3. Why does one use all the variables in the PDF for randomisation? I mean I know the ‘paramPoint’ parameters will be held constant, but the entire list of variables in the PDF will also include the ‘observable’ itself right? By observable, I mean the one that is ACTUALLY generated later, and which remains the end goal here? Why does one include the observables in the part where the parameters like the NPs are being randomised?


  1. The recommendation is to randomise nuisance parameters when using the HybridCalculator (i.e. Bayesian treatment of nuisance) and in that case a prior pdf is provided. If no prior pdf is provided ToyMCSampler::fPriorNuisance is a null pointer and also fNuisanceParametersSampler is a null pointer and no sampling of nuisance is performed.
    When using the Frequentist calculator, the global observables are instead randomised
  2. GloballObservable are randomised using the constraint term, which is extracted directly from the model. There is no need to provide a prior
    3 I think one asks for all variables, because one needs to extract also the global observable. In some case those might not be defined in the parameter lists. The set will contain the observable, but nothing is happening to them, they will keep their values until when one calls the generate function (line 596).
    So in conclusion, when calling NextPoint with allVarsMinusParamPoint, if this set conta
    ins also observables, nothing is going to happen, because the NextPoint function will update only the nuisance, which need to be the variables of the prior pdf provided to the ToyMCSampler.

I hope I have answered your questions, if not please let me know

Best regards


Thanks for your excellent response. I just have a couple of quick follow up questions -

  1. So when the NextPoint() function is called and the allVarsMinusParamPoint is passed to it, it only works on the nuisance parameters which are the variables in the prior PDF? So it doesn’t matter even if the global observables, and the observables are present in allVarsMinusParamPoint?

  2. Even if I do provide a prior PDF, won’t the GenerateGlobalObservables() function still explicitly randomise the global observables anyway? So working in the frequentist scenario is fine, I just have to NOT provide the prior PDF and no randomisation of the nuisance parameters happens. But if I do explicitly provide a prior PDF, how do I make sure my global observables are NOT randomised by the GenerateGlobalObservables() function?

  3. It will be problematic if the prior PDF and the main data generation PDF are the same right? The prior PDF should only have the variables as nuisance parameters?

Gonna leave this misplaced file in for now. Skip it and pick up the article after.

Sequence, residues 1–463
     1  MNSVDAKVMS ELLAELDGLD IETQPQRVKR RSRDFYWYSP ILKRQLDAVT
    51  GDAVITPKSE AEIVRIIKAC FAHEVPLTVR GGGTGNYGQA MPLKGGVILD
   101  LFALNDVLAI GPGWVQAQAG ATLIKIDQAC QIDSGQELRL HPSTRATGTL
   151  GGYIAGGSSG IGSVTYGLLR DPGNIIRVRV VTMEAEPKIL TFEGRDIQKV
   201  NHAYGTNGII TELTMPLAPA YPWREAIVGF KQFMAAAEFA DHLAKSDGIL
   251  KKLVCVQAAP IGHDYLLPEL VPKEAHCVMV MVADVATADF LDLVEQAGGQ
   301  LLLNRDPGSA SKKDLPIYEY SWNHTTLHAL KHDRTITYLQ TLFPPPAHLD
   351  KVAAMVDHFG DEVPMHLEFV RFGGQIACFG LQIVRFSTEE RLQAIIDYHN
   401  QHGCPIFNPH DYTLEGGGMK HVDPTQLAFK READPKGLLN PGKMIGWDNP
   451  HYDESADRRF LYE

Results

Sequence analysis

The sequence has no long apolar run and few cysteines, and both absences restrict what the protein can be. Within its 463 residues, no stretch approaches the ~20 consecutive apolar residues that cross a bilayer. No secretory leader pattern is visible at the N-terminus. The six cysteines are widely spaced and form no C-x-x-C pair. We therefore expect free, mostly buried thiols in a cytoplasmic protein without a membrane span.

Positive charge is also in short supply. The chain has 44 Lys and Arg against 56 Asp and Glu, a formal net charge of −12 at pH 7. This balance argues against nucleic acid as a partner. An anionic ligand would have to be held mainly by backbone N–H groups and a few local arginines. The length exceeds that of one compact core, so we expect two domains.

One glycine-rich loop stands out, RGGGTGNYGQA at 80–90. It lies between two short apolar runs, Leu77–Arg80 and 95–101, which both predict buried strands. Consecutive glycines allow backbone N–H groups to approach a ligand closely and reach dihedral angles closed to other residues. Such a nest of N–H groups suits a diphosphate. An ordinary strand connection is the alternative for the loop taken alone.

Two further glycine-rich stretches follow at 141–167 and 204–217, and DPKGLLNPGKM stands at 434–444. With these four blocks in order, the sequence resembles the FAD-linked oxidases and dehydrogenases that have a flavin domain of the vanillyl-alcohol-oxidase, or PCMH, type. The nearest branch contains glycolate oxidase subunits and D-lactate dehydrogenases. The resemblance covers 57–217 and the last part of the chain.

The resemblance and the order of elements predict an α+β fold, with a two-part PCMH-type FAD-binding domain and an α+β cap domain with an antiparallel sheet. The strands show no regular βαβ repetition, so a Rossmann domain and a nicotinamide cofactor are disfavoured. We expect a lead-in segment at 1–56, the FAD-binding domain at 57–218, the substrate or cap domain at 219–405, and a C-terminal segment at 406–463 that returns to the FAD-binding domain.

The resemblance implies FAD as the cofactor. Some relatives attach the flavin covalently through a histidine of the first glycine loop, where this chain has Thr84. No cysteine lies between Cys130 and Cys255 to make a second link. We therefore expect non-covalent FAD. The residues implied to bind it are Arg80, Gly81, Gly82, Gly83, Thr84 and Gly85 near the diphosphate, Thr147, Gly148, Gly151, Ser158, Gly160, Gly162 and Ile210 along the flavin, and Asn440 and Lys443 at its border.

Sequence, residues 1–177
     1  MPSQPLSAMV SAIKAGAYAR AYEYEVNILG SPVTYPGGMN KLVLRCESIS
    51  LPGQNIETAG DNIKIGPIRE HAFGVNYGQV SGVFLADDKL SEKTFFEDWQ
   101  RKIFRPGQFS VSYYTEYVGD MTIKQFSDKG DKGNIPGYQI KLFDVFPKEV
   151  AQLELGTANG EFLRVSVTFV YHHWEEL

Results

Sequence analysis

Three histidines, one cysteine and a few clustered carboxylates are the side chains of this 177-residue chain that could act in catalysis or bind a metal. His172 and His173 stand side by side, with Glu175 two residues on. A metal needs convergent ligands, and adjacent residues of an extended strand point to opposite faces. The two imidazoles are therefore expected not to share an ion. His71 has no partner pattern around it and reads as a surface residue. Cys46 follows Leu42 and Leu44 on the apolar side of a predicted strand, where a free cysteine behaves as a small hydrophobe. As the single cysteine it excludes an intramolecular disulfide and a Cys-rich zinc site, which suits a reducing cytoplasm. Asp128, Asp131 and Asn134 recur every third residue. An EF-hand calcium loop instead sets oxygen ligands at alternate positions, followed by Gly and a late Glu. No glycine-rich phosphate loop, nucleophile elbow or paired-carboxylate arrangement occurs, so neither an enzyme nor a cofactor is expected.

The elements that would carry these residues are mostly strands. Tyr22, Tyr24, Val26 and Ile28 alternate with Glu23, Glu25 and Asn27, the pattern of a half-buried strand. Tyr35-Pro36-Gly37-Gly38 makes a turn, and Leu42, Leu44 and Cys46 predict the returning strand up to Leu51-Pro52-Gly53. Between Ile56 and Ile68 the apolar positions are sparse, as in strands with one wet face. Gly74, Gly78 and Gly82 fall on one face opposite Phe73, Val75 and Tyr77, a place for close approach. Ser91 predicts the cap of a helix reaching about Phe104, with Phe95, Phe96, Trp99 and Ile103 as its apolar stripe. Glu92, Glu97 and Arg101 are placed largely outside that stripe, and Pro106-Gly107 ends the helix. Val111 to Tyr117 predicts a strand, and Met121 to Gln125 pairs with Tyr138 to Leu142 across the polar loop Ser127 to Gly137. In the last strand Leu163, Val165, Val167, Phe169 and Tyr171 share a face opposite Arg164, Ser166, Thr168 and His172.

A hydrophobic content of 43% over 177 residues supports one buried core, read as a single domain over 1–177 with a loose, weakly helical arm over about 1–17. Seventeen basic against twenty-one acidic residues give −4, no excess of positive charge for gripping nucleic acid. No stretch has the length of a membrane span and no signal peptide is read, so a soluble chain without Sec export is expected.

1. yes it does not matter
  2. yes if you provide both a prior pdf and a global observables, then this can be problematic. There is maybe no protection for this. This will make randomise both the global observable and the nuisance parameter.
  3. Yes a prior should be a function of only parameters (i…e. nuisance parameters).
    Here an example for a constraint term for the nuisance:
  • Bayesian case: prior pdf : Gaussian( b | b0, sigma0)
  • Frequentist case: constraint term: Gaussian( b0 | b, sigma0)

In the first case the prior should not be part of the model, instead in the seoond case the constraint should be part of your model pdf.
Note that in the second case b0 is a global observables and sigma0 just a constant parameter, while in the first case b0 and sigma0 are just some constant parameters.


Thank you so much again for the reply. So to clarify, the only way of correctly using the ToyMCSampler in the Bayesian case, is to provide a prior PDF which is NOT part of the model. And to avoid the randomisation of the global observables by the explicit GenerateGlobalObservables() function, one should simply not use the SetGlobalObservables() function to explicitly provide the ToyMCSampler with the global observables? In my understanding of the code, the global observables are randomised based on the conditional existence of the variable fGlobalObservables, which itself is set explicitly by the user with the help of the SetGlobalObservables() function. So if one doesn’t do this, and provides the proper prior PDF, one would be able to implement the bayesian scenario with the help of ToyMCSampler? Again in my understanding, everything else in the code should function smoothly, since the code calls allVars which will inevitably have the global observables anyway from the workspace (so we would have some set fixed values of the global observables when generating toy data or randomising the nuisance parameters)